The contrast between ANAM and INIS seems to speak to notions of space, claustrophobia, liberation etc…. ANAM had this real density to it, a sort of introversion and inward anxiety. INIS meanwhile welcomes others in with Elvin Brandhi and Maria Somerville, and overall has as a greater sense of space and freedom to it. I guess what it spoke to for me as a listener was the feeling of leaving somewhere like London to go to somewhere like Porto? Was the spatial shifts in where you were working on these releases significant? How in general has all this relocation impacted you as an artist, as a person etc?

Yeah, that’s one way of reading it. It’s not about two places though. I didn’t live clearly in either place when I recorded each release. ANAM drifts between London and the West of Ireland, INIS between various non-studios & infinity. That feeling of introversion & space is real though. And also the isolated practice and the collaborative experience. If ANAM was an insular recording process, INIS was its opposing counterpart.

Collaboration is a large part of my practice. Trying to confront the other. Moving around a lot has allowed me to embrace a kind of weightlessness that comes with not having one distinct home environment. You stop collecting things and start connecting with people more. And you’re more open to embracing any opportunity to work with someone else in a new environment, these moments are both fleeting and crucial. I got used to having a practice that was made up of dislocated instances being constructed into something that resembled a whole. Framing dislocation in some kind of obscure narrative or composition.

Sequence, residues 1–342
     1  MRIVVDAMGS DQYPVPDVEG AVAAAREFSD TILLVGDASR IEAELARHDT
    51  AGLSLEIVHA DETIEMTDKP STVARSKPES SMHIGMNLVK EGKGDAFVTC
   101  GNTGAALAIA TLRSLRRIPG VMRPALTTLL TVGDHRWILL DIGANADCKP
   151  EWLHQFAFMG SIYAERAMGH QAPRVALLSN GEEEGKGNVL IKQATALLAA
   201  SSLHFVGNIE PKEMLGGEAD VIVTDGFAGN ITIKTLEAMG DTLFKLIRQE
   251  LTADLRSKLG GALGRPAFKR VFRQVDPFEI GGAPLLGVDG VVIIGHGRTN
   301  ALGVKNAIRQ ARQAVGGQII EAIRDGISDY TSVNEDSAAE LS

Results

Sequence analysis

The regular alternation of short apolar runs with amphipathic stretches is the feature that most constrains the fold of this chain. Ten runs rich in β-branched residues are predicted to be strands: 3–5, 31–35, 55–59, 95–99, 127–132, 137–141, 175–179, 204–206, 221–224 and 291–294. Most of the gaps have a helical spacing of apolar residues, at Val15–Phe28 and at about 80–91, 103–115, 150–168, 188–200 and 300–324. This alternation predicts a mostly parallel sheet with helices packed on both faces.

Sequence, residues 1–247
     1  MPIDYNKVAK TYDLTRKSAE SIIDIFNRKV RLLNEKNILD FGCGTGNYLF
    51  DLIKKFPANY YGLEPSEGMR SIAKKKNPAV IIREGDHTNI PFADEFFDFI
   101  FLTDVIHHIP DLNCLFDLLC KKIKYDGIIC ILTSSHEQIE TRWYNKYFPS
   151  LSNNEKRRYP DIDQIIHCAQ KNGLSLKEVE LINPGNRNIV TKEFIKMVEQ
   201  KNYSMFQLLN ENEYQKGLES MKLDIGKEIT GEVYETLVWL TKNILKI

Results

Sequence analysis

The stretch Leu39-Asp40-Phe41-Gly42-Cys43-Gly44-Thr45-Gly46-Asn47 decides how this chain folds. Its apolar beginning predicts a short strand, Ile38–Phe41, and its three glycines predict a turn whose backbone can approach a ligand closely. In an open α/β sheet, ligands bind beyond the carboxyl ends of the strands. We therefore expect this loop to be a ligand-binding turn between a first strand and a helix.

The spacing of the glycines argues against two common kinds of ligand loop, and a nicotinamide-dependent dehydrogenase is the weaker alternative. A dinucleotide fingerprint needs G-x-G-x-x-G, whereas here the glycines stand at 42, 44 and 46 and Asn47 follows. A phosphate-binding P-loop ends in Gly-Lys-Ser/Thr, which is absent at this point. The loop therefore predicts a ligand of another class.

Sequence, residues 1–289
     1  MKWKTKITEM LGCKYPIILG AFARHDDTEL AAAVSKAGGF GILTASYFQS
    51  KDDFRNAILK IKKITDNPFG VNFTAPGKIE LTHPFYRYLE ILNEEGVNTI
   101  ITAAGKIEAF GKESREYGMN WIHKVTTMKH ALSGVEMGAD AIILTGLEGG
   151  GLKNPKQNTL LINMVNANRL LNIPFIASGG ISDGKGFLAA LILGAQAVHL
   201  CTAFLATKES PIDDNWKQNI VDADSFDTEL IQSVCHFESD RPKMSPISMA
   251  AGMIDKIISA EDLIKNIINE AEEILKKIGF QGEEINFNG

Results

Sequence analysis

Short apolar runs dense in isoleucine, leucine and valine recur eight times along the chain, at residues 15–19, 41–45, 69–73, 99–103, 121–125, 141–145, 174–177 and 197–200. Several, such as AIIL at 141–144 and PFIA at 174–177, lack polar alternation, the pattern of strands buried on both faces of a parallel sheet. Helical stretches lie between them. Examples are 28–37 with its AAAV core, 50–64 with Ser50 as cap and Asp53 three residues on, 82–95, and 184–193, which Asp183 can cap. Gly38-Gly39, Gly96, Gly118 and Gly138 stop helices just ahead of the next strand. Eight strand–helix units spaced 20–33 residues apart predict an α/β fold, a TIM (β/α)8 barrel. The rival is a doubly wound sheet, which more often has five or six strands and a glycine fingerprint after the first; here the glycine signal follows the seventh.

Tell us about CANVAS!

It’s a label and event series. It embodies everything I just said about collaboration. It’s an attempt at collectivising and increasingly dispersed group of artists. Four of the core members all lived within 50 metres of each other at one stage so it’s trying to hold on to that feeling of proximity even though the artists involved now live everywhere & nowhere.

Working in Actress’ studio sounds like quite the experience. How did that come about? What was it like? Any particular anecdotes from that time you can share?

Once I was put in an uber to drive around London dropping off and collecting various working and broken synths for collection and repair. I learned a lot about the geography of London in relation to Darren’s cave of electronics.

What plans for the future? Will there be more live performances or installations in the pipeline?

Playing live anywhere we are invited to or we can invite ourselves to as C.A.N.V.A.S. in the near and less near future. Incoming is Lugh’s EP and my debut album which is on a hard drive somewhere waiting for an excuse to unearth.

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About the Author

Eoin is the reviews editor of The Thin Air. He likes Mogwai and high calibre bathroom graffiti. Ask him about his tiny dancing robot. Find him on twitter @eoin_murraye